At a glance, the words bravery and courage are synonymous and often used interchangeably in the context of valiant acts. Jordan Smiley, co-director of Courageous Yoga in Denver, sheds light on the way he sees them diverge: their relationship to fear.
“To me, bravery is the ability to act instinctively with little regard for fear,” shares Smiley. “Whereas, courage is the willingness to move in accordance with what is right and true, from the heart, even and especially in the presence of fear. Bravery might be a trait. Because we can expand our tolerance of fear by learning to ground in the presence of strong physiological responses, courage can be trained; maybe it’s a virtue.”
In the last few years, conversations around privilege and colonization have catalyzed recognition of widespread injustices sewn throughout society and systems. By bringing these conversations into the yoga space, we are reminded how “yogic teachings challenge us to be non-harming, but also to be honest, accountable and authentically aware of and responsive to the issues in and around us, even if they make us feel afraid,” Smiley believes.
This demonstration of courage as a virtue inspired the name of Smiley’s practice space and community led by queer and Indigenous folks who are advised by BIPOC folks.
“Part of our work as a collective is not only seeing the way that all wellness spaces in the West are contoured for the white gaze, but also allowing our bodies to feel it,” he adds. “These small shifts are going to be what will bring forward the more just world we know is within us.”
Other examples of courageous shifts that Smiley, his co-director TJ Jaworski and the rest of their team are facilitating include sustainable decolonization efforts by way of making classes accessible and affordable to queer and Indigenous communities. In addition to offering pay-what-you-can structured pricing to individuals who identify as BIPOC and hosting two monthly affinity groups, the studio makes available the Pay it Forward Fund. This nonprofit mutual aid fund is community-sourced and goes to reduce the tuition of classes, one-on-one sessions, workshops and trainings for people of color.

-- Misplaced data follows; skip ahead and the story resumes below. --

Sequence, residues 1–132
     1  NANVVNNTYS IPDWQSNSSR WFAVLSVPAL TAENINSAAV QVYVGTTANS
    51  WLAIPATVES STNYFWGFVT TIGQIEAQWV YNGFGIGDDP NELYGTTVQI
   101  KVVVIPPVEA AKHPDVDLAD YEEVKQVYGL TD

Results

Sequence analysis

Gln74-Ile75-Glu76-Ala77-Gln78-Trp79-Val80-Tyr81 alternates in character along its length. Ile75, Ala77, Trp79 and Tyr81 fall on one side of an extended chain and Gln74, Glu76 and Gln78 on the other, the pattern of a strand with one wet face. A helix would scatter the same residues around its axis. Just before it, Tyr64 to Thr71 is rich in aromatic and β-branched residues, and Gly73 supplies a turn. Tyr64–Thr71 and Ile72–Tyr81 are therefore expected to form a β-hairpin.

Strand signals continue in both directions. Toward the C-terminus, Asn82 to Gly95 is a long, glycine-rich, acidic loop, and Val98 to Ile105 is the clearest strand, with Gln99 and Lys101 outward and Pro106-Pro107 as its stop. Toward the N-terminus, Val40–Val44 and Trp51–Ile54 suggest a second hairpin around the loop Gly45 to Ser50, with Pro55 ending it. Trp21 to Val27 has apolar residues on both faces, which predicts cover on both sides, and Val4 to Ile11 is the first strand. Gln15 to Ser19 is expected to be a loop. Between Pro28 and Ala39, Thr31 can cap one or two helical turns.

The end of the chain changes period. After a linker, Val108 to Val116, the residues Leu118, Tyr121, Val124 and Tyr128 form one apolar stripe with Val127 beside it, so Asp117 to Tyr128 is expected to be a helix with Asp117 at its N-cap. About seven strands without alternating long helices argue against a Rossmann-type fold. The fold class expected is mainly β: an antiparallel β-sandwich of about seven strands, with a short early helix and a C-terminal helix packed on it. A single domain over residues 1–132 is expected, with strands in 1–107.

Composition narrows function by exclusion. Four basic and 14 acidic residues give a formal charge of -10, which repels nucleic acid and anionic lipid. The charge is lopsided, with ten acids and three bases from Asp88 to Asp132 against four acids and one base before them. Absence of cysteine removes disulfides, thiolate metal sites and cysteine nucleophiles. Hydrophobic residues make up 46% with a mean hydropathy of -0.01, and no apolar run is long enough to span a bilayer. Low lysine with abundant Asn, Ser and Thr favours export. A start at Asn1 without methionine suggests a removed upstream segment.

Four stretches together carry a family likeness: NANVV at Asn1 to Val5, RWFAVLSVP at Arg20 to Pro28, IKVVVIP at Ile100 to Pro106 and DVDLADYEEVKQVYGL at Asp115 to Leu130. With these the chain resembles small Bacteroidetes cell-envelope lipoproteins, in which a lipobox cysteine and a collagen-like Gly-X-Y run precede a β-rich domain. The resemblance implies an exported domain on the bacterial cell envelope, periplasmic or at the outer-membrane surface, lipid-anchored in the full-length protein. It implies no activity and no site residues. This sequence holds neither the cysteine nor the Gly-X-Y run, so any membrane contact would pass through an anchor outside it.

What sets Courageous Yoga apart from the other yoga studios in the area is the standard to which leaders and students embody the teachings of yogic philosophy.“
The moral standard in the communities that I have been in is to prioritize being kind,” says Smiley, “and while it’s a good principle to value, if we want to live in a just and loving culture, being kind is just a start.”
Smiley, a Diné and Tewa Two-Spirit leader and story-keeper, understands that the Indigenous wisdom systems he’s been near share the same heart and, therefore, many of the same teachings as traditional Vedic teachings. Specifically, “that we are connected with all of the Earth’s beings, that our true nature is love and that the purpose of our lives can’t be understood with the mind or monetized.”
“Sometimes we forget, in the West, that yoga practices are indigenous to South Asia,” Smiley elaborates. “Meaning, they offer a wisdom that, in most cases, predates colonialism — which is the source of so much of our suffering here.”
Thoughtfully, Smiley goes on to explain that, by learning from non-white teachers (specifically Indigenous and South Asian teachers), we are lent the ability to “see ourselves from the inside and outside with fewer obstructions, to see the way white American culture has impacted us.”
Smiley understands that traveling a yogic path and actively partaking in its ancient practices liberates us not only from our ego and proverbial monkey mind. This practice leads us to “our collective liberation from our collective limitations, because our collective body shapes our personalities and vice versa,” he says. “The wonderful thing about the interdependence of self and collective is that everything we do makes an impact, and we can never know how wide and far-reaching even the smallest of changes can be.
Learn more or book a class at courageousyoga.us.
Photo by River + Root Photography.
Originally published in Winter + Spring 2022-23 issue.
Kelsey Foster is a Colorado native, born and raised in the Vail Valley. She found yoga in 2013 and never looked back. Kelsey completed a 200-hour RYT in 2018 and aims to make the practice accessible to all bodies. Now based in Golden, Kelsey spends her free time on her mountain bike, paddle board or deep in the mountains with her partner and her dog Bandit.